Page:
Proceedings had been ongoing in the Court of Protection since June 2020 concerning the health and welfare and property and affairs of Srichand Parmanand Hinduja (‘SP’), an 86-year-old man who suffers from dementia. The proceedings had been brought by SP’s brother, Gopichand Parmanand Hinduja (‘GP’), to challenge the legitimacy of a Lasting Power of Attorney for property and affairs in favour of SP’s daughters (the ‘LPA’). The Hinduja family is one of the wealthiest families in the United Kingdom and has a global business empire operating in many sectors and employing some 200,000 people around the world.
There had been a large number of hearings which had taken place in open court but subject to the Court of Protection’s standard reporting restriction order (‘RRO’) which is ordinarily imposed in Court of Protection proceedings, which prevented SP and the Hinduja family from being identified in reports of the proceedings.
The Official Solicitor (acting as SP’s litigation friend), Bloomberg News, PA Media, and Professor Celia Kitzinger (Open Justice Court of Protection Project) contended that the RRO should be lifted.
GP contended that the RRO should remain in force or, in the alternative, that after SP had died there could be a ‘halfway house’ order, whereby health and welfare information about SP remained subject to a RRO whilst permitting identification of SP and others. SP’s daughters argued that the RRO should remain in force until judgment had been handed down following a subsequent hearing, and that after that the Court ought to take an approach which prevented any identification of the parties in relation to health and welfare issues and in any report which made any reference to SP’s general health and the care provided to him.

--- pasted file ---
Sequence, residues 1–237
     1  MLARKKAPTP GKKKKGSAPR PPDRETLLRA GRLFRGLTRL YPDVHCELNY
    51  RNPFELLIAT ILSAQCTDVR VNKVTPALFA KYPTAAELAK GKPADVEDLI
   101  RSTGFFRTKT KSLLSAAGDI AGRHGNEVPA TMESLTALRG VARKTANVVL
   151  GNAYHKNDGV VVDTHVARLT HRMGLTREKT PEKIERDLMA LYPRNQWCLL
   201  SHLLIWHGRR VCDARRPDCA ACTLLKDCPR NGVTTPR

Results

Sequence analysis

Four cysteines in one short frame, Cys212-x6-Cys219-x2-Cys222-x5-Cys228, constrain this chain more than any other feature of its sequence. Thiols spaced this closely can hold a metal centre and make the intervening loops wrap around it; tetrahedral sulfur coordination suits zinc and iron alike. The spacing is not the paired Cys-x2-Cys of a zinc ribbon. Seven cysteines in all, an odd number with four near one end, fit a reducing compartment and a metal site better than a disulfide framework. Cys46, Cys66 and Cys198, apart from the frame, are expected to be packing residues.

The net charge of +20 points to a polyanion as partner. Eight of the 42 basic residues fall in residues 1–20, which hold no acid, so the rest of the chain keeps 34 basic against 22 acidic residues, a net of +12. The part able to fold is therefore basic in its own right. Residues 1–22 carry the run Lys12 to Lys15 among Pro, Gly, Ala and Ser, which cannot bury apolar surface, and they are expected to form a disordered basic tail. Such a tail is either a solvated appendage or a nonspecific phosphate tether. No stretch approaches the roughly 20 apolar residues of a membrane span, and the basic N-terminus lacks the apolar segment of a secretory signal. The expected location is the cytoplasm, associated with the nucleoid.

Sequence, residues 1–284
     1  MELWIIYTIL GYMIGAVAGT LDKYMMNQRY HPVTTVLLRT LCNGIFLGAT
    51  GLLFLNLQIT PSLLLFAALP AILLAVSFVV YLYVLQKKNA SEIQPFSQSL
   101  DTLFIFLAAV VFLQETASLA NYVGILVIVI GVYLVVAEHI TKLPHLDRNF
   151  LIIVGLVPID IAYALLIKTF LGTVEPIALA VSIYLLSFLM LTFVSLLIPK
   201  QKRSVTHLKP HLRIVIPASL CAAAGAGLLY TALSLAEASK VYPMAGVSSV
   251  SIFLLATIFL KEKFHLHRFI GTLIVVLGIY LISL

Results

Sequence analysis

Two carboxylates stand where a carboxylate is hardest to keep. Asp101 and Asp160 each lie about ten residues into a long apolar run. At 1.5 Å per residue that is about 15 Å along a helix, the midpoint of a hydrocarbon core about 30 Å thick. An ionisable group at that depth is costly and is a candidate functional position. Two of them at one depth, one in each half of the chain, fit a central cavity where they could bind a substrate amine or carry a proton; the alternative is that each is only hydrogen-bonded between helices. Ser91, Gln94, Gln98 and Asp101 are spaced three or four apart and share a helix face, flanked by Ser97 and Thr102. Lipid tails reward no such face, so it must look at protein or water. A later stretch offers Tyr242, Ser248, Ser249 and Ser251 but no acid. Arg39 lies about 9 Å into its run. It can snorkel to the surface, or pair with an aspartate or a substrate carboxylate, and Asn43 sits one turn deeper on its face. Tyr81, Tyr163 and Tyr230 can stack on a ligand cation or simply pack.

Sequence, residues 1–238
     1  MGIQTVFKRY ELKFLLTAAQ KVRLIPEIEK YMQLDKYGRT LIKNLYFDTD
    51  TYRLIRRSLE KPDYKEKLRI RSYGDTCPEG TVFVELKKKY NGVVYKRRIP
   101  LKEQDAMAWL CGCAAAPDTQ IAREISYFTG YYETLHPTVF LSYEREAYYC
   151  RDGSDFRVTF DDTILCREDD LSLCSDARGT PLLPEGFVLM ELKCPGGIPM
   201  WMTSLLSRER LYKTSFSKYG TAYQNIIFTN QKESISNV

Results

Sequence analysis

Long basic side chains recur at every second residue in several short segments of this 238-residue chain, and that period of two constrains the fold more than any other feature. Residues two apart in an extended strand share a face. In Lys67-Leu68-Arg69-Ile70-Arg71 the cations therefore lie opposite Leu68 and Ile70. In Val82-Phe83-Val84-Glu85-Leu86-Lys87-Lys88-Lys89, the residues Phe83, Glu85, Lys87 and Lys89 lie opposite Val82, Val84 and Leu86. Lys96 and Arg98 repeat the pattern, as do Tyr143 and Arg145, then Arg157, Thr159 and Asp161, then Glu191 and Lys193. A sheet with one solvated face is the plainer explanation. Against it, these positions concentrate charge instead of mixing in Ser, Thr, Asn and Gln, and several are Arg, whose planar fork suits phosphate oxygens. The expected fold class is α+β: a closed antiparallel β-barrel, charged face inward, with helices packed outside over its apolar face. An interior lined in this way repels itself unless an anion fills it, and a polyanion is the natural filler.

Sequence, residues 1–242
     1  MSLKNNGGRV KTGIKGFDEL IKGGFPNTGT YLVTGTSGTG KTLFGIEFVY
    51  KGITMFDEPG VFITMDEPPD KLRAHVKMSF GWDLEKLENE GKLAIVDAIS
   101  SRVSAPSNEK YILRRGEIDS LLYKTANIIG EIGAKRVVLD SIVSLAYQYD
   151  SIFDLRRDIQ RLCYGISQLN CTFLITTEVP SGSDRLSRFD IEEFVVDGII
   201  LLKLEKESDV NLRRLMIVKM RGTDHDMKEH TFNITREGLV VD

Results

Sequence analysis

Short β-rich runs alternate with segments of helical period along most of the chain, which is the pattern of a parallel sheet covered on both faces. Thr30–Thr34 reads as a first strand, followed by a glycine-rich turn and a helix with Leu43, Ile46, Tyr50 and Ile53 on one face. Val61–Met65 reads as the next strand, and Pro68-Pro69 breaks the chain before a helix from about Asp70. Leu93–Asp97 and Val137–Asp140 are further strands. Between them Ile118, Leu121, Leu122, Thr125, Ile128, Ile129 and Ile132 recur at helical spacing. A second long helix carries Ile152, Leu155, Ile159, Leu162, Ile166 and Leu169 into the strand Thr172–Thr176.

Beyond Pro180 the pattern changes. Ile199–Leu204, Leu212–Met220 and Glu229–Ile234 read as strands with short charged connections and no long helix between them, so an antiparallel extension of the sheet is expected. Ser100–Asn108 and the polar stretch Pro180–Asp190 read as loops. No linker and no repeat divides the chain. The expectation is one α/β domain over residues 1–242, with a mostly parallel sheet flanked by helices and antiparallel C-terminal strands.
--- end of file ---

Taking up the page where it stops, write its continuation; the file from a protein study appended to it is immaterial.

On 23 August 2022, the Vice President of the Court of Protection (Hayden J) ordered that the RRO be lifted:  EWCOP 36 but granted a short stay for the reasons given in  EWCOP 37. The Vice President found that the RRO had prevented any meaningful reporting of the proceedings because the family’s public profile and ongoing proceedings in the Chancery Division created a high risk of jigsaw identification. The Vice President held that SP’s needs had been ‘consistently marginalised’ as a result of a wider Hinduja family dispute in which their own litigation interests became their primary objective, and that open reporting of the proceedings was necessary to provide a ‘protective layer’ to him. The Vice President also found that there was a public interest in reporting that the Court of Protection proceedings appeared to have been used as leverage in the Chancery Division proceedings, and that SP’s daughters had disclaimed the LPA after drawing on SP’s assets to fund their own costs of the Court of Protection proceedings, which the judge described as a ‘flagrant conflict of interest’.
GP appealed the decision to lift the RRO. Bloomberg LP was an intervening party at first instance and on the appeal.